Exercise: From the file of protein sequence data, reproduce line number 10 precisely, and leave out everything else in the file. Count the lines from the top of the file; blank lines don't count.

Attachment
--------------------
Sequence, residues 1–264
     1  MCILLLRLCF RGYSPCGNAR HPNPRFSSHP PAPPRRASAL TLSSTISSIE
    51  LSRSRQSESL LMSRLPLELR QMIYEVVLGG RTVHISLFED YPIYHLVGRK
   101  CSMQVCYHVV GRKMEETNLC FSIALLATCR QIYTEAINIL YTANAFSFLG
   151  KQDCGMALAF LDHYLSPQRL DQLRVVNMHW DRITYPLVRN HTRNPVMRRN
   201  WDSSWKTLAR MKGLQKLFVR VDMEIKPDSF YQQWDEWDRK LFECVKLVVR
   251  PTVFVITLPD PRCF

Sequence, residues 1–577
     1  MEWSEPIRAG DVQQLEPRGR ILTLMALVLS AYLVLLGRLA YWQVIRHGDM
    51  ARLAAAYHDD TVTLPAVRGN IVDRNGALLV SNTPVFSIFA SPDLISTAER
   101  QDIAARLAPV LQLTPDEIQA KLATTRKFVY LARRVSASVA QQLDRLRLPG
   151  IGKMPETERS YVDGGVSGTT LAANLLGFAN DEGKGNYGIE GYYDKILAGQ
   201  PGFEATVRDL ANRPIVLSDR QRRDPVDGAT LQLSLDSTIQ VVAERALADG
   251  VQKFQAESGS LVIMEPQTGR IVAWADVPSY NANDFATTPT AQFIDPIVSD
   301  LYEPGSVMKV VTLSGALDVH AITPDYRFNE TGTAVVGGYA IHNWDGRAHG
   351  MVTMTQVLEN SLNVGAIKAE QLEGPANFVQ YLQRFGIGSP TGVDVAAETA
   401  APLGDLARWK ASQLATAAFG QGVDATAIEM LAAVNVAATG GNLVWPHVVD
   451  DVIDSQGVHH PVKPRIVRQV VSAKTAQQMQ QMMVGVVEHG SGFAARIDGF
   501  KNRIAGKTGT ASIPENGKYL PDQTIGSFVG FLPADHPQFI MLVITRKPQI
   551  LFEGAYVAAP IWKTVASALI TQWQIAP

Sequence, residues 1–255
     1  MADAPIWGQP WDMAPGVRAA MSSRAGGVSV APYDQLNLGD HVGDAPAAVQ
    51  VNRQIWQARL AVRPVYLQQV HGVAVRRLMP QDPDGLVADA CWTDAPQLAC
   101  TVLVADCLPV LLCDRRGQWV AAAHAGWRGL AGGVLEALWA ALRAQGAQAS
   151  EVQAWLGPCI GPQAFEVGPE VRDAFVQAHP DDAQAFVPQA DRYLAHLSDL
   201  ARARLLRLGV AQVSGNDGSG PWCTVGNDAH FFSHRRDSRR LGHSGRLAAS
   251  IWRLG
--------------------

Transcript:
    51  ARLAAAYHDD TVTLPAVRGN IVDRNGALLV SNTPVFSIFA SPDLISTAER